Tuesday, June 26, 2012

How I Know I am a Poet

All of my writing life I have been constantly leaning to one extreme or the other regarding my status as a poet.  Am I a poet, or am I a person who happens to write poetry.  Is one of those things better that the other?  Well, I am not going to be trying to answer which is better, but I am going to try and explain why I am in the camp I am in:  That of being a poet.

First, I need to say I am not a poet because I read poetry, nor am I a poet because I read a lot of poetry.  No, there hasn't been some sudden explosion in the numbers of people who read poetry for the love of reading poetry, but I think it takes more.  So am I a poet because I write poetry?  Some might say yes, or at least say writing poetry is a definite step in the right direction to becoming a poet.  Still, writing poetry is not why I currently believe myself a poet.  Here then are a few reasons why I am a poet:

1.  Poetry gets more difficult for me to write every day and I am still in love with the idea I can some day write a perfect poem.

Why does writing poetry get more difficult?  Because every time I come to poetry something has changed, like my understanding of poetry and like my expectations of myself and what I want poetry to give me.  You see, the more I know about poetry, the more I have to hold myself accountable for what I write.  I am still going to write terrible and awful poems, but the more I know about poetry, the more time I spend making sure I am doing everything I know to make the poem right.  The more time I put into that activity means the more I expect from myself.  I don't want to keep making the same mistakes over and over, especially when I should know better.  The more work I do, and the more I expect from myself adds up to my wanting more from poetry.  I want poetry to continually surprise me, and I want my poetry to be the kind in which I can delight.  The it starts all over, because the more I expect from poetry means I am forced to learn more about it so I can be prepared to come to poetry with my very best efforts.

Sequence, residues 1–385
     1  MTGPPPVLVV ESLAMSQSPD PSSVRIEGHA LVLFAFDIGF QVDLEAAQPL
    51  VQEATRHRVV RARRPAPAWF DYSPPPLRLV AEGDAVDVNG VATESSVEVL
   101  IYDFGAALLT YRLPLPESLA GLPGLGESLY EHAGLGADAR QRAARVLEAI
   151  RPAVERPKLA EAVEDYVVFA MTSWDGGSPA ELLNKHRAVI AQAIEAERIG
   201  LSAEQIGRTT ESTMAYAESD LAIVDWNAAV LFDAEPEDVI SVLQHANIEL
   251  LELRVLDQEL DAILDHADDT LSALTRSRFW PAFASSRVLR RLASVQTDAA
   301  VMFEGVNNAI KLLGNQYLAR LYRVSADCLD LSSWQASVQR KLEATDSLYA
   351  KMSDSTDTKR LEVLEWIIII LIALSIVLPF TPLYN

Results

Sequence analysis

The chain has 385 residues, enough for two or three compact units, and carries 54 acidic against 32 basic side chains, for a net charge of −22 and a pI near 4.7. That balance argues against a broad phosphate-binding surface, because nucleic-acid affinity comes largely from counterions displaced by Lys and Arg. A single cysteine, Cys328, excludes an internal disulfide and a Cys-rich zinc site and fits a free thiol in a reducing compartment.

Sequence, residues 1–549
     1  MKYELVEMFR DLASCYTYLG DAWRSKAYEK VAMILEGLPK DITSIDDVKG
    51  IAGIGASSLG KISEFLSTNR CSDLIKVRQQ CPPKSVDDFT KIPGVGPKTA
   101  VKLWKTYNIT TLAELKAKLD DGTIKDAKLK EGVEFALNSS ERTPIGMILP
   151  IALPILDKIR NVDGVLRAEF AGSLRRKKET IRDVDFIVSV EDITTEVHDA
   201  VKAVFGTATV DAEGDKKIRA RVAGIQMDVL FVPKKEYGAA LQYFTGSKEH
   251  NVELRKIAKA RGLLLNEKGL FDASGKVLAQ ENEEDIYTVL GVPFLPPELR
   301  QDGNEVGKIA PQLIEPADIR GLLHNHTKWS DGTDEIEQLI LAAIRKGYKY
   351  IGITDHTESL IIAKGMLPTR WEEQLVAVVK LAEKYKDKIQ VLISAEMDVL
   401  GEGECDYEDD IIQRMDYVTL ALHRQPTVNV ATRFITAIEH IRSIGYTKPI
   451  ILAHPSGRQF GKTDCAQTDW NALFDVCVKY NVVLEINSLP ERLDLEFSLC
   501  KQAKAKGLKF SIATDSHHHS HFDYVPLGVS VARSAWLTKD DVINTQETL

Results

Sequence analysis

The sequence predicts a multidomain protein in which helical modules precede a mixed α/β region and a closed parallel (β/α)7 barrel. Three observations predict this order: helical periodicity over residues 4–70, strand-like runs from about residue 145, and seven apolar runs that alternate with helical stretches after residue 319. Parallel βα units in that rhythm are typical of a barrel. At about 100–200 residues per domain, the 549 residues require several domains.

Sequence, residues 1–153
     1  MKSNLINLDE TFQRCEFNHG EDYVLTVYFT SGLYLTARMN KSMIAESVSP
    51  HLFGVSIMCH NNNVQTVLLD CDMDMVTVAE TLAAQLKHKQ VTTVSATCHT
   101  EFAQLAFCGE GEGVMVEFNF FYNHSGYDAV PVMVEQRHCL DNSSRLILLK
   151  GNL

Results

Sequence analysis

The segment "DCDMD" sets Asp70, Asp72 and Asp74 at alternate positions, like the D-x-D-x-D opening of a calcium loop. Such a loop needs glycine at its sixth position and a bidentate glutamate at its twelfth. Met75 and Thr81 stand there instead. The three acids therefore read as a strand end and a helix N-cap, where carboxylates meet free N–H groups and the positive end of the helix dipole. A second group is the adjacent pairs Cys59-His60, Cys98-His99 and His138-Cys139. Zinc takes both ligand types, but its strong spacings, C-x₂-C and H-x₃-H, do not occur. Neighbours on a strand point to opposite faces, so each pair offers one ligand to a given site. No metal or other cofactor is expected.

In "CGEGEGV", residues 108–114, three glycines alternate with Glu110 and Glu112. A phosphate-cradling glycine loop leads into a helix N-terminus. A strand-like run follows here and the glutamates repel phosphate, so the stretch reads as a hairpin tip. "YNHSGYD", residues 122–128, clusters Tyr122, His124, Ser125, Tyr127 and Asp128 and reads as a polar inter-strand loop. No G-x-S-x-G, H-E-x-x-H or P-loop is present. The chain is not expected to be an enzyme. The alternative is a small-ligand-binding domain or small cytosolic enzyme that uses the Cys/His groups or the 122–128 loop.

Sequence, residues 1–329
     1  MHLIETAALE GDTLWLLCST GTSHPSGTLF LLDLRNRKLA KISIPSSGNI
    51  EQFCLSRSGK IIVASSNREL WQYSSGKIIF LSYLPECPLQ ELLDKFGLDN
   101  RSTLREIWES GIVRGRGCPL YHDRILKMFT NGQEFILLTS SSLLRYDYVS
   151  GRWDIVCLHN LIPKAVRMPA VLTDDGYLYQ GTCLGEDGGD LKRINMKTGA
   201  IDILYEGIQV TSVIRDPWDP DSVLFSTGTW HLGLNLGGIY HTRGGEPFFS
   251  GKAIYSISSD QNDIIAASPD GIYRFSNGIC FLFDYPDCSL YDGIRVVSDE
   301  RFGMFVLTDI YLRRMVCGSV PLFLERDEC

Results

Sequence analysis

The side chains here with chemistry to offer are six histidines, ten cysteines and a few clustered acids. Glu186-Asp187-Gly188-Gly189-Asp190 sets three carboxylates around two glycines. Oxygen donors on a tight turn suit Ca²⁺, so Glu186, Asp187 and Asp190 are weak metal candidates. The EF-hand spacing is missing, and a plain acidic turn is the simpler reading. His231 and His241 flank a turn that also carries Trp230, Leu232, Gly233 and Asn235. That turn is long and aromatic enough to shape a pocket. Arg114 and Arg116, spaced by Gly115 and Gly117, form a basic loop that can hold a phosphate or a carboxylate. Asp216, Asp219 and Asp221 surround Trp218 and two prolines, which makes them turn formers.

2.  I literally hear many of my poems.  They come to me (either in fragments or complete) at the most odd moments and I instinctively know there is only one thing to do with them---write them.

It's as simple as that.  You may not think anything of it, but I strongly believe there is some sort of mystical connection where creativity is concerned.  Do not make the mistake of equating intelligence with creativity.  I think creativity is both a component of intelligence and an independent agency, operating somewhere in the human mind.  For those of you who are scientifically inclined, think about the spooky nature of quantum connectivity.  There is something bigger at play with creativity (and my poetry, specifically) than simply the mechanical work involved.

When I fail to write one of the poems which come to me (and not all of them come to me in the way I described above) I feel as if . . .no, I know with a certainty I have wasted an opportunity.  How big an opportunity I cannot say because it is impossible to compare something which exists to something which does not.  All I know is I feel as if I have let something, a part of me go, which can never be retrieved.

3.  When I write a poem, I feel more than just good.

When I write a poem, even a mediocre poem, I feel as if I have slipped into some concrete, real groove.  I feel a sense of relief.  I feel in tune with the universe because for a brief moment, I am literally in the right place at the right time.  To add to that, so few things in my life make me feel that way.  It's poetry, family, teaching, and a few friends.  That's it.  Nothing else comes close on such a consistent level.

Other poets know what I am talking about---any artist does, too.  The universe slows down for a few moments and there is a real sense of belonging, as if one's place in the universe is assured and acknowledged.

There is also this:  Wen I feel like I do when I have written a poem which works, I am taken back to my first reason.  I want the challenge of having that feeling again, knowing the whole time it will be more difficult than the last time, and that I will more than likely be beaten.

Do you know what?  It doesn't matter.  What matters is I keep coming back, and that's why I am a poet and not somebody who happens to write poems.